The Benefits of Breastfeeding
That snapback body is obtainable, thanks to breastfeeding
When it comes to being a mother, our top priority is raising a healthy child. It is the sole reason why I chose to breastfeed. After seeing the bond my sister and nephew formed, I was sold. I also paid close attention to the health benefits of breastfeeding. All things considered, I was convinced that this was the best choice for my little boy. I found out that nursing your child is not only beneficial for your baby but for your body as well. I can also credit most of my “bounce-back” body to breastfeeding. So, allow me to tell you about my experience in breastfeeding, and then I’ll hit you with the facts.
When I held my baby boy in my arms for the first time, he immediately began giving the cues for feeding. Without any help from the nurses, he latched on successfully and I had no trouble at all. (Lucky, right?) However, it soon became painful and a bit difficult after my breasts became engorged. He was nursing constantly and my nipples started to become sore and cracked. Nonetheless, after 3 ½ days my milk finally came in and it was pretty much smooth sailing after that, give or take a few restless nights.
While I understand not everyone has the same experience with their first attempt at breastfeeding, and it may be down right impossible for others to do so, I was proud of myself for not giving up. It was important for me to give it a try, and I’m happy I did so.
After delivery, it takes 3-4 days for your milk to come in for first-time moms. It can be sooner for women who have other children. But before that, your body initially produces colostrum. This ‘liquid gold’ is a sticky, sweet milk that is packed with vitamins and antibodies that your body makes to feed your baby. Expressing this milky substance can also help your cracked and sore nipples that you may experience in the first couple of days. After your milk comes in, breastfeeding should soon begin to get easier.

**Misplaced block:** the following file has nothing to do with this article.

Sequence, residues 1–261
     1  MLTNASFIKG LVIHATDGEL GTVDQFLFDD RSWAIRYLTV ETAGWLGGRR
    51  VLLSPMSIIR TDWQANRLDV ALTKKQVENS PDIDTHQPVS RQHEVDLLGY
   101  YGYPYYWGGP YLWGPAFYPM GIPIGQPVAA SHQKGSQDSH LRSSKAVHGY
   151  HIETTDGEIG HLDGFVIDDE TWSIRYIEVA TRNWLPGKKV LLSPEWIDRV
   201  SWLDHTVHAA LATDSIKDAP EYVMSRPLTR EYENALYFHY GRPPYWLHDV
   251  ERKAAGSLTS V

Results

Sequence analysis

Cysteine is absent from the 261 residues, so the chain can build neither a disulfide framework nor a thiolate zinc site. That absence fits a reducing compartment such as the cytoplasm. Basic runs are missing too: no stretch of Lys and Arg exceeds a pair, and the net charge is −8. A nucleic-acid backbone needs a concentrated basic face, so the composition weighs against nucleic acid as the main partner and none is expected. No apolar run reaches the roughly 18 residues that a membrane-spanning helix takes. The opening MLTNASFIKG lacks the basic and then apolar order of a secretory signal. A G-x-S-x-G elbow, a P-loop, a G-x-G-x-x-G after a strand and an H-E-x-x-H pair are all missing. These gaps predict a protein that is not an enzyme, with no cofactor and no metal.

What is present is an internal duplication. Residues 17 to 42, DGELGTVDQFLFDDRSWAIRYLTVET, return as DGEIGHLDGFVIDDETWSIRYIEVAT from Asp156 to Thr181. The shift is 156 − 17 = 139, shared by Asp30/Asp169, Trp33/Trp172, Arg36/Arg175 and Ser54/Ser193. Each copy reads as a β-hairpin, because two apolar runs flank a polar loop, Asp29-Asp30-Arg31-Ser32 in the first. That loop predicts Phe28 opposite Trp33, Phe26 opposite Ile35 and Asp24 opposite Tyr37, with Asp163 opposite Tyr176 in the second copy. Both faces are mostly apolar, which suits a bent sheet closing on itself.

When you hear talk about breastfeeding, you usually always hear how good it is for the baby. No one ever really discusses the benefits for the mamas. I’m here to do just that.
- Every time you breastfeed your body releases those ‘feel good’ endorphins that give you a natural high feeling. This is also linked to why breastfeeding mamas are less likely to experience postpartum depression.
- Breastfeeding keeps your iron at great levels. Most breastfeeding mamas don’t have a menstrual cycle every month so the iron in your blood is restored back since it can get significantly low due to pregnancy.
- You don’t have a period!! Yes, ladies, you read that correctly. While your body makes milk, it suppresses your reproductive hormones. This causes you not to ovulate. Thus, no period.
- You burn more calories making milk and your uterus contracts every time you breastfeed. This results in your uterus shrinking back down to original size a lot quicker than women who don’t nurse.
- It’s free!! On average, a breastfeeding mother saves $1700 on milk in the first year of a baby’s life. (Excluding pump, bottles, etc.)
- It lowers your risk of ovarian cancer and breast cancer.
- Lastly, it saves you time on making and cleaning bottles and sterilizing nipples in the middle of the night.
Benefits for the baby
- Breast milk has the perfect balance of vitamins, fats, and calories that babies need. It’s also easier to digest than formula.
- It lowers the risk of SIDS (sudden infant death syndrome).
- It lowers the risk of the baby developing asthma, allergies, respiratory illness, and ear infections.
- Breastfed babies have been linked to having a higher IQ.
I can go on and on about how great it is for your body and for your baby, but I simply encourage you mom-to-be(s) out there to just give it a try. It can be challenging at first but don’t give up because it is definitely rewarding in the end.